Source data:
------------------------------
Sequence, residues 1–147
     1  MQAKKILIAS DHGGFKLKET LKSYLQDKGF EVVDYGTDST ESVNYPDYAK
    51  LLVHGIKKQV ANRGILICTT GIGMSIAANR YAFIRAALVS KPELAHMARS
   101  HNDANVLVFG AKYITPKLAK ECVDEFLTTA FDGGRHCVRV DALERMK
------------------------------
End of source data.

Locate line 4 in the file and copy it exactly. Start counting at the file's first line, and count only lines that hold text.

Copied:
   101  HNDANVLVFG AKYITPKLAK ECVDEFLTTA FDGGRHCVRV DALERMK